Still onward and upward. Appointments were booked for the medical. With Christmas looming we were keen to ensure that all the necessary paperwork required from us was done and dusted well before that. By the end of the week our medical reports and consents were dispatched to the local authority by recorded delivery. There was nothing more to do other than sit back, enjoy Christmas and wait information about when and where the Preparation Days would take place.

All we know for certain was that the Preparation Days were due to some time in mid-February. By mid-January we felt that we’d left a respectable distance from the Christmas holidays. We’d still heard nothing. Perhaps it was time for a little chasing. Steeling ourselves we prepared for the call. It went something like this.

Can we speak to Sandra please. [...wait...]”
Hello, why are you calling me?
Erm... well you’re our social worker, aren’t you?”
What on earth would give you that idea?
Well, that’s what we were told... we apply, a social worker is assigned to assess us and take us through the process... isn’t that how it works?”
Don’t be ridiculous. Your social worker won’t be assigned until after you have completed the Preparation Days and submitted your supplementary information form. I’m sure that they made that CRYSTAL CLEAR at the Orientation Day. Now if you would be kind enough to ring up and if you’ve got a general query please contact the main office. Goodbye. [ ...bzzzzzz...]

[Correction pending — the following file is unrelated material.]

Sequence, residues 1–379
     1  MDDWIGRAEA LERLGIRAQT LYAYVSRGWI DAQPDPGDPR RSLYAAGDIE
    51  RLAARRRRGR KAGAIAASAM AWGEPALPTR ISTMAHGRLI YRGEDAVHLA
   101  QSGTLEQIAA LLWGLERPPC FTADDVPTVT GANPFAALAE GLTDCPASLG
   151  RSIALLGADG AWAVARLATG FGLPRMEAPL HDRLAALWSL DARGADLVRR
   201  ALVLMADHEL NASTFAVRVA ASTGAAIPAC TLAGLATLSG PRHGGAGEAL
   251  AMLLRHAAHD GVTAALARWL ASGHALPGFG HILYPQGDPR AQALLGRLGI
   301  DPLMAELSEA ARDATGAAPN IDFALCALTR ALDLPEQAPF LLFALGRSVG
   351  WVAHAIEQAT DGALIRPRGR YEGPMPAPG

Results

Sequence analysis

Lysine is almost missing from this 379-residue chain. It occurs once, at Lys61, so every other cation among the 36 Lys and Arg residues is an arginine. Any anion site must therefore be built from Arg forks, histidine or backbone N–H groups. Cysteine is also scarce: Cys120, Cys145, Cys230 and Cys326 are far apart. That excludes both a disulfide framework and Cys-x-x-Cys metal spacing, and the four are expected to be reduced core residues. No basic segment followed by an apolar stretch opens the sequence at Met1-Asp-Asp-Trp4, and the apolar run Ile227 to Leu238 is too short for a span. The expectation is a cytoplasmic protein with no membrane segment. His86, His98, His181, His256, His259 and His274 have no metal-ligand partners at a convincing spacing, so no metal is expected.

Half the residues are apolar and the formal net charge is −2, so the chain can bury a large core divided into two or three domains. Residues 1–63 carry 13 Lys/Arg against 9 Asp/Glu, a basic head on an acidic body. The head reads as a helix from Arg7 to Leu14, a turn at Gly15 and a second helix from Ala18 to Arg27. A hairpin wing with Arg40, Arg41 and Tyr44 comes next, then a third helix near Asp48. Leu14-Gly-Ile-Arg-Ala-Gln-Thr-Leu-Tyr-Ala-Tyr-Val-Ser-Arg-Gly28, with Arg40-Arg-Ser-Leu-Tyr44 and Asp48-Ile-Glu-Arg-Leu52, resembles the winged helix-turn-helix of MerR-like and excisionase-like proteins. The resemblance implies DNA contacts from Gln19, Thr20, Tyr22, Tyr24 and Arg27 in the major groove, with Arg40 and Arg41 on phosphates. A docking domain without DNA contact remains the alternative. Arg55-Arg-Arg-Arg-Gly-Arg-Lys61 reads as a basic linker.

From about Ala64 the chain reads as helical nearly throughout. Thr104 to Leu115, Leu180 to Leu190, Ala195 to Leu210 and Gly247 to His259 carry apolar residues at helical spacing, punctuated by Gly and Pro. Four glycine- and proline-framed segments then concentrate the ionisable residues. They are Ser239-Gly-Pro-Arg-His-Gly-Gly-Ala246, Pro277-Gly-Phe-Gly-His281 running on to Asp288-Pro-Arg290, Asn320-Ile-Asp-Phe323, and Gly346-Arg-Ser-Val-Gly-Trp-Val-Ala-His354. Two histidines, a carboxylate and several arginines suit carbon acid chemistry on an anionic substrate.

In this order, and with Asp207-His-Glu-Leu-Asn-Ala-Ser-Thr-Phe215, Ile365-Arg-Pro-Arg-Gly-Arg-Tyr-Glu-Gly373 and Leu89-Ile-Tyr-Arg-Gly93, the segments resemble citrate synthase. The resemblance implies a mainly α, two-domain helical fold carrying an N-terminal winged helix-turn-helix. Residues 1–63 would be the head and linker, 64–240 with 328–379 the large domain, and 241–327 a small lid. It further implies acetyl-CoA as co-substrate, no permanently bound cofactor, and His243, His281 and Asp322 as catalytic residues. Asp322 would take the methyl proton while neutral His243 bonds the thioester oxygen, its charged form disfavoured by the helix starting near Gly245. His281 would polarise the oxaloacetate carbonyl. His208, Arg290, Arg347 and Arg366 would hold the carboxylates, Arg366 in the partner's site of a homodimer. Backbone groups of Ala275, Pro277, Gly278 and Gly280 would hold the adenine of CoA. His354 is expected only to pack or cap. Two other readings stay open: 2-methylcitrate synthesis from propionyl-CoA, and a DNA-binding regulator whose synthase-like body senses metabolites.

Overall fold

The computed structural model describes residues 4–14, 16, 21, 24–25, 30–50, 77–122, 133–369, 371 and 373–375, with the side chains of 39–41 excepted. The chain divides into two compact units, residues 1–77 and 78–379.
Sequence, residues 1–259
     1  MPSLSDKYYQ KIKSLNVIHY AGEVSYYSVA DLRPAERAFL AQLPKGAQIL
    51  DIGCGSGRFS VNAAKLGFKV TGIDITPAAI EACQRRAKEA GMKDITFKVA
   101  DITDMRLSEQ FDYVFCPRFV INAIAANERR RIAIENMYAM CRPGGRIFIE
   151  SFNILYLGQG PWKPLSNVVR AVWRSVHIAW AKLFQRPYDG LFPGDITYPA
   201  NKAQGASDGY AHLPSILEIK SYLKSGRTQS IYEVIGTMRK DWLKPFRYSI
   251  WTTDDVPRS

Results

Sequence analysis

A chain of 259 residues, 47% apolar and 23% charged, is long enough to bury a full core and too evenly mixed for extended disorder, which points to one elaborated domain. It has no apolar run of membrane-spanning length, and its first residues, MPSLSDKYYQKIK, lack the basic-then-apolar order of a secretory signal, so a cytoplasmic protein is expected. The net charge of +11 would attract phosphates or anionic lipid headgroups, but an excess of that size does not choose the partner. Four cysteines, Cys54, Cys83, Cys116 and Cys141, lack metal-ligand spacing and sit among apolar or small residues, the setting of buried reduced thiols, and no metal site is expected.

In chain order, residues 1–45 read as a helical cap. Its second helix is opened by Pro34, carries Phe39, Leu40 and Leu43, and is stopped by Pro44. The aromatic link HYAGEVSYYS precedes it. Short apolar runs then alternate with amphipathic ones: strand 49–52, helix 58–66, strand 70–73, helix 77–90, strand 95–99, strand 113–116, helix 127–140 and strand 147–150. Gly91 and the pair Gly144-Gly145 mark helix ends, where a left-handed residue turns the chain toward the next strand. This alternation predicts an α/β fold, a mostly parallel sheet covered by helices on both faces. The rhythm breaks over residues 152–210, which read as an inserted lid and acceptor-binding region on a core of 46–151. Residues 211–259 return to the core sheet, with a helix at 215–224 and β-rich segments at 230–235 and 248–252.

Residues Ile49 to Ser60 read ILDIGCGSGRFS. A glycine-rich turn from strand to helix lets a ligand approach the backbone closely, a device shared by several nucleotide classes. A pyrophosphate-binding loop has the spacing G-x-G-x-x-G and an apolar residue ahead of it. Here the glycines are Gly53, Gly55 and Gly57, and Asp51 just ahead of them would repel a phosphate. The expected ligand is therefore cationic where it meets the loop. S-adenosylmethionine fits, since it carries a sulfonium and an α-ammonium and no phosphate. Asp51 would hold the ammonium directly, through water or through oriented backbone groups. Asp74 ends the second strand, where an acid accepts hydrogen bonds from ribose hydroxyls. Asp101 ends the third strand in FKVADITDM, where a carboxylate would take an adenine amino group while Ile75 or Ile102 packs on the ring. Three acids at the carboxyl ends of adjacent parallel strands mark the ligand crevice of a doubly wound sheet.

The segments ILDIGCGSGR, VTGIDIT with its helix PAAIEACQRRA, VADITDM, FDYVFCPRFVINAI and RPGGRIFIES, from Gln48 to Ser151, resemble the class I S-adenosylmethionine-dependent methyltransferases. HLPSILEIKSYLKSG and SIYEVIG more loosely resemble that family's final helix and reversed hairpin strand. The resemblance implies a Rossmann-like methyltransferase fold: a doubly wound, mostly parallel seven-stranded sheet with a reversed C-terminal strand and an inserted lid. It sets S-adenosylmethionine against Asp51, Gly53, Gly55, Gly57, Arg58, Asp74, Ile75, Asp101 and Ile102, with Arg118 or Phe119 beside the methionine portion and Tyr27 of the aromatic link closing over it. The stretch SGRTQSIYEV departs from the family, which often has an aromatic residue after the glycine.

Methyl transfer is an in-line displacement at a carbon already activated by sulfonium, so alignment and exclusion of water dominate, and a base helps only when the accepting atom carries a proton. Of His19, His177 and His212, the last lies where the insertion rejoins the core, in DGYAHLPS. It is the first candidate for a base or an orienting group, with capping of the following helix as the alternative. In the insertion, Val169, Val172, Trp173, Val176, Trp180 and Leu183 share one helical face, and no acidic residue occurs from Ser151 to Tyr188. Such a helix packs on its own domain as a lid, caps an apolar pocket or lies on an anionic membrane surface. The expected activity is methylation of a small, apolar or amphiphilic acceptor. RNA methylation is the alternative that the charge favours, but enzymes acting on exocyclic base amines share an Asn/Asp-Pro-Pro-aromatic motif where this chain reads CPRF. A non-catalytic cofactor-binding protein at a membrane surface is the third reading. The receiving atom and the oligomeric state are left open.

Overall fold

That left us both a little stunned. We quickly checked our separate notes from the Orientation Day. Nope, that WAS exactly what they had said: “Apply, Social Worker, Screening and so on...

So a valuable lesson learned about the system – don’t necessarily take things at face value and don’t assume that the assertion you are being given is, in fact, definitive in any way. Plus we had gained a little more insight into Sandra’s character. I must admit that there was a certain amount of dancing around the living room at the news she wouldn’t be our social worker after all.

A few phone calls later and the main office confirmed that our paperwork was, indeed, complete and ready to go forward to the Local Authority’s Medical Advisor for his consideration and effective rubber-stamping. So we were all set fair for the Preparation Days the following month... Or were we?

*   " In many of the more relaxed civilizations on the Outer Eastern Rim of the Galaxy, the Hitchhiker’s Guide has already supplanted the great Encyclopaedia Galactica as the standard repository of all knowledge and wisdom, for though it has many omissions and contains much that is apocryphal, or at least wildly inaccurate, it scores over the older, more pedestrian work in two important respects. First, it is slightly cheaper; and second, it has the words “DON’T PANIC” inscribed in large friendly letters on its cover."
Hitchhiker’s Guide to the Galaxy by Douglas Adams


Lindsay said...

Just found your blog through WASO:) Sounds like you've had quite the journey so far, I look forward to reading more (and holybanana what a...lady you're dealing with there!)

AdoptionJourneyBlog said...

Lindsay, thanks. Hope that folks find the story both entertaining and useful. Yes, "Sandra" was an interesting one. Fortunately the social worker we ended up with for our home study was beyond lovely and a pleasure to work with!